And here we are, five years later. I have a long-distance son who’s months away from finishing college — and my single semester of MBA tedium is a distant and fading memory. And as my energies from shaping Mtuseni’s life path shift to crafting a new path for myself, I start that journey as a very different person. I am not who I was five years ago; being Mtuseni’s dad has changed me. The existential reset button has been pushed. And all because of something that caught my eye and I pursued on a whim.

LadySlipper-lgeThere are so many crazy, almost scary similarities and coincidences between me and Mtuseni that I often think that fate brought us together. On some energetic level our paths were destined to cross. And that makes me think of a quote from Rumi that I have on my office wall: “What you seek is seeking you.” It reminds me that when we desire something important in our life, the universe is waiting, ready to meet us halfway. Sometimes you don’t even need to try so hard to get what you want. You just have watch for when the universe cracks open a door — and be willing to walk through before it closes.


Fingers Crossed

March 18, 2014 — 5 Comments

So Mtuseni has his first interview for an internship tomorrow. It’s at Kasie FM — a community radio station south of Johannesburg. They do a lot of informational programming, so he’s excited about possibly doing research for topics and assisting a producer. Mtuseni loves music, but he also wants to make a difference in people’s lives through radio.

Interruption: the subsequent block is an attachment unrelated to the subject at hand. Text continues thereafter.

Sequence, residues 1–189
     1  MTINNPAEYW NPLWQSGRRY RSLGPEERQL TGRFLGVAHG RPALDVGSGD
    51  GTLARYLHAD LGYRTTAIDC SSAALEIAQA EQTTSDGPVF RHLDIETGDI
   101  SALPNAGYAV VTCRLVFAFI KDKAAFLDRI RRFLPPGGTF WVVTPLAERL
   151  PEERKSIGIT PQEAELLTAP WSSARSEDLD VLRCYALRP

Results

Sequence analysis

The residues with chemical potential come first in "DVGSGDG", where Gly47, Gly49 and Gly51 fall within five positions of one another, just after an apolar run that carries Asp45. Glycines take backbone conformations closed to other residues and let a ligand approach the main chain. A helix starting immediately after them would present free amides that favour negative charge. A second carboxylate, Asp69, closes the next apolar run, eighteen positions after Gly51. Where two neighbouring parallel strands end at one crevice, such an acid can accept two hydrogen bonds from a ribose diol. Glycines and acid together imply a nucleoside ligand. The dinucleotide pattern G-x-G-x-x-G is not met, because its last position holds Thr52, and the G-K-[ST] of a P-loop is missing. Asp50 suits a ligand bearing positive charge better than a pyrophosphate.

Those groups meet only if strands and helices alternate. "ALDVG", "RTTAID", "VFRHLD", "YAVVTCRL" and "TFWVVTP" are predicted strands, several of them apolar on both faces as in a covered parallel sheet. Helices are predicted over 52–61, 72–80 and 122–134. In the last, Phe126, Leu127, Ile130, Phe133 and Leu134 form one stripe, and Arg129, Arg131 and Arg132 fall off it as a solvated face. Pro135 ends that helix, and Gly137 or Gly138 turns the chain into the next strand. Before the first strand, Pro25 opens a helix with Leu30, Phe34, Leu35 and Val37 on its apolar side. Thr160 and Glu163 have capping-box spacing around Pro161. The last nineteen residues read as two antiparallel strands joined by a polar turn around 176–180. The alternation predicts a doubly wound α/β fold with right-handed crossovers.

According to Google Maps, the station is a 53-kilometer trip from his house in Lanseria, north of Joburg. Knowing how difficult transportation is for him, I told Mtuseni to try and get a mid- to late-morning appointment, but the station manager told him 9 AM. This means Mtuseni will need to take four minibus taxis… and will leave his house at 5 AM. He’s never done this route before, so he needs to figure out which taxis to take where: there are no published schedules or routes. I’m hoping he gets there on time; Johannesburg rush-hour traffic is pretty bad.